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Currants and Biscuits

Currants and Biscuits
signed and indistinctly dated 'Peale 1813' (lower right)
oil on panel
7 1/2 x 10 1/2 in. (19.1 x 26.7 cm.)
Painted in 1813.
John B. Williams, Philadelphia, Pennsylvania.
Joanne L. Sikes, granddaughter of the above, by descent.
Estate of the above.
Sotheby's, New York, 28 November 2007, lot 186, sold by the above.
Acquired by the late owner from the above.

Brought to you by

Tylee Abbott
Tylee Abbott Vice President, Head of American Art

Lot Essay

As one of the first artists to focus primarily on still lifes, Raphaelle Peale is arguably the finest and most important painter of this genre in the nation's history. Only two members of the esteemed Peale family—Raphaelle and his uncle, James Peale—took up still life painting in earnest at a period when commissioned portraits were the foundation for artists working in America. Scholars estimate Raphaelle Peale painted as many as one hundred and fifty still lifes, of which approximately only fifty survive. This rarity, combined with the exquisite detail and sensitivity of composition, make Currants and Biscuits a supremely important tour de force of nineteenth-century American painting.

Despite being younger than his uncle James, Raphaelle is considered to be the first American still life painter. He trained at a young age under his father Charles Willson Peale—joining painting trips, executing exhibition backgrounds and replicating dioramas for Charles’ natural history museum. Raphaelle began to exhibit his paintings at the Columbianum exhibition of 1795, attempting to make his living in the respected area of portraiture. Ultimately he shifted his interest to still life painting and in 1813, exhibited a large number of still lifes for the first time at the Pennsylvania Academy of the Fine Arts where his paintings won critical acclaim. With the exception of 1820 and 1821, his paintings were exhibited at the Academy every year for the rest of his life. Charles Willson praised his son’s still life paintings: “Your pictures of still-life are acknowledged to be, even by the Painters here, far exceeding all other works of that kind—and you have often heard me say that I thought with such talents of exact immitation [sic] your portraits ought also to be more excellent” (as quoted in Raphaelle Peale Still Lifes, exhibition catalogue, Washington, D.C., 1988, p. 104)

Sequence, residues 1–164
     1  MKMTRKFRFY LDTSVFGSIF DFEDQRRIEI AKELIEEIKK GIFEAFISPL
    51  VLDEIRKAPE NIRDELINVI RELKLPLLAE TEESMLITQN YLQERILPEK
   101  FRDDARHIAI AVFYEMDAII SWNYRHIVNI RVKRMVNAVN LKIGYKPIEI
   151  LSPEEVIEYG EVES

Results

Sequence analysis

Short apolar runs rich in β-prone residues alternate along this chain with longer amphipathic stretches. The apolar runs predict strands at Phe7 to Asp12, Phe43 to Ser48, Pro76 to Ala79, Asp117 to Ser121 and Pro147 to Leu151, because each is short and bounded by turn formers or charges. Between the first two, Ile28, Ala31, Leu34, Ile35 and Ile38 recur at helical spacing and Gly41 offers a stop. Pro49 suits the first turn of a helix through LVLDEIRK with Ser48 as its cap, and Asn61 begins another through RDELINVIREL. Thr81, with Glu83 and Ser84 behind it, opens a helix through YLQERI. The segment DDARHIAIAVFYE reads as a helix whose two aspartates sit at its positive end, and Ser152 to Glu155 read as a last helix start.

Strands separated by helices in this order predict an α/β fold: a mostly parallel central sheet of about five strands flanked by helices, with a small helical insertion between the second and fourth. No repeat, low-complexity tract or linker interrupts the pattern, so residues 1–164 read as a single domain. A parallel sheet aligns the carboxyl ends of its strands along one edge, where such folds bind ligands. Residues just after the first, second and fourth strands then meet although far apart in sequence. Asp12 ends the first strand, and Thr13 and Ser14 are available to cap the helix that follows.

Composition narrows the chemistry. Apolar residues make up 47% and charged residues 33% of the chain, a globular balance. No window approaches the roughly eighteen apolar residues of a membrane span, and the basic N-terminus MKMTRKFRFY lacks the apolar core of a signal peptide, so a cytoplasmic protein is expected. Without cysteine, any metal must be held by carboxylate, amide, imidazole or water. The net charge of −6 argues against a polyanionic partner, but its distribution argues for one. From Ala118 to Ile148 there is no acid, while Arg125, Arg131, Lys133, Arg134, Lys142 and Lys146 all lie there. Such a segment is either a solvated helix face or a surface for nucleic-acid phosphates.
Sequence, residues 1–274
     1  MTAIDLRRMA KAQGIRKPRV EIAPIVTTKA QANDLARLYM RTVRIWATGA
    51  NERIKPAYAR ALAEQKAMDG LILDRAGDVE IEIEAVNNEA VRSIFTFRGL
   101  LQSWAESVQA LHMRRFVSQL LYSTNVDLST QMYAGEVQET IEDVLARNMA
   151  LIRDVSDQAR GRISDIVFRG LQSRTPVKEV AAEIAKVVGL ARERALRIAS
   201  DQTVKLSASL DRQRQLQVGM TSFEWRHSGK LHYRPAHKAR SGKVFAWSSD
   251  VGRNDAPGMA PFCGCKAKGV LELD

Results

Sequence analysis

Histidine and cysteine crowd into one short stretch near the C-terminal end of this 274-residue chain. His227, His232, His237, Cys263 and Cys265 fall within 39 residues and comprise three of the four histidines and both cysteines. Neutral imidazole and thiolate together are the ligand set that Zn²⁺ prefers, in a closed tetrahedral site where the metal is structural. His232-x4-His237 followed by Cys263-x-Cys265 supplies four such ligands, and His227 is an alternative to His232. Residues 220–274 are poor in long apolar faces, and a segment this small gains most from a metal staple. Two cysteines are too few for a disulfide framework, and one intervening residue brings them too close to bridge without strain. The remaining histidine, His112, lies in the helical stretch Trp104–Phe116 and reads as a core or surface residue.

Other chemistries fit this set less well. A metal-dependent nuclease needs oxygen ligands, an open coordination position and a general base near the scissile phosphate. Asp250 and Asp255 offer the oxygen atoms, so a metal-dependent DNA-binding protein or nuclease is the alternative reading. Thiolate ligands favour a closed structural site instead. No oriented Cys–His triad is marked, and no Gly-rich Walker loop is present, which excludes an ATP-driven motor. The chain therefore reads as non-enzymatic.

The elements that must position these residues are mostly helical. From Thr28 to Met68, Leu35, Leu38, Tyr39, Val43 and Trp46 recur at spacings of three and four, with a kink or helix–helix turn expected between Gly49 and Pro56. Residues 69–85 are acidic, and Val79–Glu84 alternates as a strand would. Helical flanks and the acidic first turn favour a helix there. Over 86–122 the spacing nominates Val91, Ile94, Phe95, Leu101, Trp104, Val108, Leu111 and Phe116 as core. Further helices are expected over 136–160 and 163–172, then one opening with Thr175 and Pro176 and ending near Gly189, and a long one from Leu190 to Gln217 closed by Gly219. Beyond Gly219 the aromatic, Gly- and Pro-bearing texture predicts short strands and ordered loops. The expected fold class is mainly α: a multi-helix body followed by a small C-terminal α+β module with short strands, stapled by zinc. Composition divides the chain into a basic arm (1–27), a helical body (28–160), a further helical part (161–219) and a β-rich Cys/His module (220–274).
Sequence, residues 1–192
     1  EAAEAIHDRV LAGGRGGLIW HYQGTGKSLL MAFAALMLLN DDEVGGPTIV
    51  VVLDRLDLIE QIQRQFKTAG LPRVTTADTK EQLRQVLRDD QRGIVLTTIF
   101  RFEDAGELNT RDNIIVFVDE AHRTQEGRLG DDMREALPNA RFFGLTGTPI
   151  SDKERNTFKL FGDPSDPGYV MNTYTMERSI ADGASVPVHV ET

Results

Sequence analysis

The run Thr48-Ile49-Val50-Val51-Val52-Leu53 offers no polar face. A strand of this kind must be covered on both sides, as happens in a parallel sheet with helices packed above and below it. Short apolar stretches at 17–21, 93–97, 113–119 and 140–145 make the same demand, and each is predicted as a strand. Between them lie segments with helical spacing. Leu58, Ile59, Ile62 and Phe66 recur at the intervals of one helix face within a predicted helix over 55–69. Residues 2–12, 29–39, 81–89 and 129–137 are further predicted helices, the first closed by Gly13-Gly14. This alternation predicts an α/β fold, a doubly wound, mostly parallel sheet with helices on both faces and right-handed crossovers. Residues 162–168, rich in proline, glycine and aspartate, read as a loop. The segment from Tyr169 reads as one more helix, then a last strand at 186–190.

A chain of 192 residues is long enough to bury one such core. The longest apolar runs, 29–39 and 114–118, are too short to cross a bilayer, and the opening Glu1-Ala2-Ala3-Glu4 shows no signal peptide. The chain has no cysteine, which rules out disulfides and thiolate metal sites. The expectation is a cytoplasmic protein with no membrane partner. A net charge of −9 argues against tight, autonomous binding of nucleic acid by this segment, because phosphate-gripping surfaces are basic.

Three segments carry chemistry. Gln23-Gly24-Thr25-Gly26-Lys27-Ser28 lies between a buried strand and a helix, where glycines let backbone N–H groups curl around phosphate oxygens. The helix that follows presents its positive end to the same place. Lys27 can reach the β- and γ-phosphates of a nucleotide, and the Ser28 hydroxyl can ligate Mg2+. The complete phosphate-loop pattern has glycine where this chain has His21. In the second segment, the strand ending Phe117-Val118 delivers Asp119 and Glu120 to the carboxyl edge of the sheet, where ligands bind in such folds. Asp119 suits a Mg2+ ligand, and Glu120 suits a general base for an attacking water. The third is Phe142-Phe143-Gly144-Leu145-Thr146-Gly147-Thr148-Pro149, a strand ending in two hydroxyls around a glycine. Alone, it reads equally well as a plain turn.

Among Peale’s favorite subjects were refined and expensive delicacies, such as the raisin cakes depicted in the present work as well as Still Life with Cake (1818, Metropolitan Museum of Art, New York) and Still Life with Wine Cake and Nuts (1819, The Huntington Library, Art Museum, and Botanical Gardens, San Marino, California). A similar cake was sold by Mrs. Elizabeth Goodfellow, whose Philadelphia shop was located down the street from Raphaelle’s family home. As a result, Currants and Biscuits is not only an accomplished work of early American still life, but also a window into the culinary developments in early nineteenth-century Philadelphia.

Raphaelle Peale led a relatively short life, yet he managed to produce a body of still life paintings that has seldom been equaled in sensitivity of composition. Nicolai Cikovsky, Jr. writes: "...of all the Peales, he was the truest and greatest artist. He had the finest artistic sensibility and intelligence, and despite his lack of self-confidence and ambition, he was artistically the most daring. In the end his art had the most lasting influence as well." (Raphaelle Peale Still Lifes, Washington, D.C., 1988, p. 33) A magnificent example of the artist's oeuvre, Currants and Biscuits captures the intricate detail and delicacy of the artist’s best subjects.

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